The next entry on p. 39b shows that he dissected a 'Yellow Iguana', Conolophus subcristatus, see Reptiles, pl. 12, whose intestines were 'full of Guyavitas & some large leaves' and who laid its 'eggs in a hole'. He observed that the 'Caracara habits like Carrancha round Slaughter house kill chickens— run like a cock' (pp. 40b-41b). This was the Galápagos hawk, Buteo galapagoensis, Birds, pl. 2. The final entry is 'Thenca eat bits of meat', p. 40b.

On the morning of 13 October Darwin 'descended highest Crater' in which he collected trachyte lava specimens. For years these rocks, which were described using techniques not available to Darwin by Richardson 1933 and discussed at length by Herbert 2005, pp. 121-6, pl. 4, have unsettled geologists because they are of an apparently anomalously high silica content. In the standard book-length geological description of the Galápagos, McBirney and Williams 1969 went so far as to opine that Darwin's specimen 3268 might not actually be from the islands. Recent work by Pearson 1996 has shown that on the contrary Darwin's specimens are of the highest value as substantiating his then radical approach in Volcanic islands to explaining the fractionation of lavas. Darwin's theory bears comparison with natural selection as a mechanism for sorting out variants, with gravity supplying the force but without of course any analogue of the self-replication process found in living things. Pearson 1996, p. 57 provides photographs of some of Darwin's Galápagos lava specimens.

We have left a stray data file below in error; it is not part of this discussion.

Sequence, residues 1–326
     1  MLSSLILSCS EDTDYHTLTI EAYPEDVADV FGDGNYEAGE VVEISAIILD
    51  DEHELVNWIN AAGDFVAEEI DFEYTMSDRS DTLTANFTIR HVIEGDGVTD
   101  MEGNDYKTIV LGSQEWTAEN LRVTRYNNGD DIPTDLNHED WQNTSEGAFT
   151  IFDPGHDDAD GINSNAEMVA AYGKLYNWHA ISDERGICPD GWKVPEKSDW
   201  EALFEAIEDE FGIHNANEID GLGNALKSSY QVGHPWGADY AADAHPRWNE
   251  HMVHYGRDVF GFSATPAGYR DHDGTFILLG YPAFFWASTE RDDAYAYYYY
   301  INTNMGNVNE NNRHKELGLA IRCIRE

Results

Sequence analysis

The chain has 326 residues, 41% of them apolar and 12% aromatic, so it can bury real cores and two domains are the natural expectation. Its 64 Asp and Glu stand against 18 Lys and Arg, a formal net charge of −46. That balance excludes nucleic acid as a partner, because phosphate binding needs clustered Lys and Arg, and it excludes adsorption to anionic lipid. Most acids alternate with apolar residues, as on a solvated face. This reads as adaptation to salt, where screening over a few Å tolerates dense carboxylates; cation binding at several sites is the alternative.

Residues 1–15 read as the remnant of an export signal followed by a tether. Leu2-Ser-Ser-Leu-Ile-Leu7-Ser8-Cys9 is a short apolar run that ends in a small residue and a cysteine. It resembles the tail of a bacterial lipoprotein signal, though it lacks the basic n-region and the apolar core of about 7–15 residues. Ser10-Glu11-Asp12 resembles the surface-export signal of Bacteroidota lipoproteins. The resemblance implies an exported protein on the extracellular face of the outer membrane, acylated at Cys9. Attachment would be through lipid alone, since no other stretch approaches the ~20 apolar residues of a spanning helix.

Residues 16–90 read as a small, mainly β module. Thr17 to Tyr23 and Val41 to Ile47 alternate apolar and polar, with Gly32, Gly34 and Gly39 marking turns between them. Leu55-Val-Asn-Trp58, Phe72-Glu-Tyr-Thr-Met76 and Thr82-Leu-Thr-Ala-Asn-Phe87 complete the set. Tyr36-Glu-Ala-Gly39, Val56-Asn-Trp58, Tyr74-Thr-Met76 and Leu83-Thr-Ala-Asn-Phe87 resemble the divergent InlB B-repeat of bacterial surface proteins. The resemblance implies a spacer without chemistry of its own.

On returning to Buccaneer Cove Darwin found the freshwater spoiled by the surf, and would have suffered considerably if it had not been for the 'extraordinary kindness of Yankeys' from the whaler anchored in the bay who 'gave us Water', p. 41b.